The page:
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story behind the book | kate tuttle

When an inkblot isn’t just an inkblot

david wilson for the boston globe

Like everyone else, Damion Searls had heard about the Rorschach test. “I assumed it was like truth serum or some kind of gimmick,” he said. “If you see an ax murderer, then you’re the bad twin. And if you see your mother in every card, then, oh boy, look out!”

But then he set out to research the life’s work of Swiss psychologist Hermann Rorschach. “It turns out to be something real,” Searls said. Unlike the popular image of the test as a series of random images meant to elicit subjective associations, he added, Rorschach made a set of cards that were “actually crafted by him to be revealing.”


Searls opens his new book, “The Inkblots: Hermann Rorschach, His Iconic Test, and the Power of Seeing,” with a man being administered the Rorschach test as part of a job application. He aces the verbal tests, but when it comes to the Rorschach, his answers reveal troubling hints of violence — an assessment confirmed years later, despite his apparent normalcy in the other tests.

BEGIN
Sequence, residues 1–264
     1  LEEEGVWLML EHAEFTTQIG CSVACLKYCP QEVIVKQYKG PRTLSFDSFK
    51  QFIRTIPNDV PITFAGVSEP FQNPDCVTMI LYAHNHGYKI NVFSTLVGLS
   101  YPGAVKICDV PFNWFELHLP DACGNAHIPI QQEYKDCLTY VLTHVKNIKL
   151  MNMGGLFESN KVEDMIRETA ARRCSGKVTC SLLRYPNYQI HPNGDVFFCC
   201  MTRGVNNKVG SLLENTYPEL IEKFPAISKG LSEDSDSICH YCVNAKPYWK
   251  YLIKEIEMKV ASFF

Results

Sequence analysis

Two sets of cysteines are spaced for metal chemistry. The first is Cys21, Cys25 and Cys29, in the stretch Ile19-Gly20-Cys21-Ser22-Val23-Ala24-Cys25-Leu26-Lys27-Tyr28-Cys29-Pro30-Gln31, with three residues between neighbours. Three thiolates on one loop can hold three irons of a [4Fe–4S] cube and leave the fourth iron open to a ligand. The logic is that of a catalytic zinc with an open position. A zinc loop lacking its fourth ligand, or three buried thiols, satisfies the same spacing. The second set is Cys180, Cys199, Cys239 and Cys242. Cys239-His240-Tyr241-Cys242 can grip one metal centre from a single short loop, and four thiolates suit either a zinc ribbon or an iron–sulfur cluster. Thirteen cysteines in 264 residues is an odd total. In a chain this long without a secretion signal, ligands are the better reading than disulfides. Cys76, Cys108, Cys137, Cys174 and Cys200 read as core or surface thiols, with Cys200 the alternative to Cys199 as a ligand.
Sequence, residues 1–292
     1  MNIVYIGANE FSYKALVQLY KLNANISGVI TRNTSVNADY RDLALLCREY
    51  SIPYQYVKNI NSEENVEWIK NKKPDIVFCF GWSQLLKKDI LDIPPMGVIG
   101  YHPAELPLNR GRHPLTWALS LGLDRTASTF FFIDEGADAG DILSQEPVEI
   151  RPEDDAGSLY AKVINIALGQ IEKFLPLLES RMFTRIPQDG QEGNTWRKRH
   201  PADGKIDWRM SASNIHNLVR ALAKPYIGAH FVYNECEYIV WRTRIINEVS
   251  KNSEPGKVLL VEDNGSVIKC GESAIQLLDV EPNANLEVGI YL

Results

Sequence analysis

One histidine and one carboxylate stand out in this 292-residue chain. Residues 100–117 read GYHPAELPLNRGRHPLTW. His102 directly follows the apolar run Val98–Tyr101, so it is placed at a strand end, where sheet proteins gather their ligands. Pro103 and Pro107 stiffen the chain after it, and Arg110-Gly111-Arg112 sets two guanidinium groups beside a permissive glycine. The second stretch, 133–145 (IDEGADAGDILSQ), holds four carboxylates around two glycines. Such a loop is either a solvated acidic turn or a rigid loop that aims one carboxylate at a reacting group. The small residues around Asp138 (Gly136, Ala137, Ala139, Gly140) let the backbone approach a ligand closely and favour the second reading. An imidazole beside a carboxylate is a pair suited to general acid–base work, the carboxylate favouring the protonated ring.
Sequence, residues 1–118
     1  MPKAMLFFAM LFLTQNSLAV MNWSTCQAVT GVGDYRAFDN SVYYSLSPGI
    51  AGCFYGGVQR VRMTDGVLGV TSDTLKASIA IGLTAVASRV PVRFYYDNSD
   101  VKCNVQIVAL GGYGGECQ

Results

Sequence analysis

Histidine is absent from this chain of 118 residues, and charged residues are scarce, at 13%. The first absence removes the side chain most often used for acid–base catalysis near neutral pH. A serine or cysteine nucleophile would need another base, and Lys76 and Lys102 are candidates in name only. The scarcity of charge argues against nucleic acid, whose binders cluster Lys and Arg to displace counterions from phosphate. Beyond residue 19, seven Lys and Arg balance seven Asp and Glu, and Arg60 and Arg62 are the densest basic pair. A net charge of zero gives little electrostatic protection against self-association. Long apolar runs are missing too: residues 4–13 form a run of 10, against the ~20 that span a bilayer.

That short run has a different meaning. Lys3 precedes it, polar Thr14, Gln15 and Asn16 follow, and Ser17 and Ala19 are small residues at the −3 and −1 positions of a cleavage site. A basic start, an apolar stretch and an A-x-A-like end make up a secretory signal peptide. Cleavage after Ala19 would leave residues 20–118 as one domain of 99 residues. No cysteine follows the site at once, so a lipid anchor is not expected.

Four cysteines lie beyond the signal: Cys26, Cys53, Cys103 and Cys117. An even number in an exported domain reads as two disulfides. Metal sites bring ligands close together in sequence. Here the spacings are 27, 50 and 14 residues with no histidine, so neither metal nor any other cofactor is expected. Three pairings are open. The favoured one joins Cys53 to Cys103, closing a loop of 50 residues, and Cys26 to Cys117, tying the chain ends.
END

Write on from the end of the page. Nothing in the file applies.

“That’s a pretty convincing example,” Searls said. “Because whether or not you think it can accurately reveal or decipher what’s in the person’s head, the undeniable fact is that it made him put his guard down. What does it mean about us that something visual can tap into parts of us that a verbal questionnaire can’t?”

Although Searls came away convinced of the test’s value, he stressed that the book is more cultural history than crusade. In writing the life of Rorschach, Searls found him “a very appealing guy” whose work touched on everything from psychology to art to advertising to pop culture.

“I guess what I’d say is I’m a defender of visual intelligence,” Searls added. “We are visual creatures. We evolved to be visual. How you see something really can tell you about who you are.”


Searls will read 7 p.m. Thursday at Harvard Book Store.

Kate Tuttle, a writer and editor, can be reached at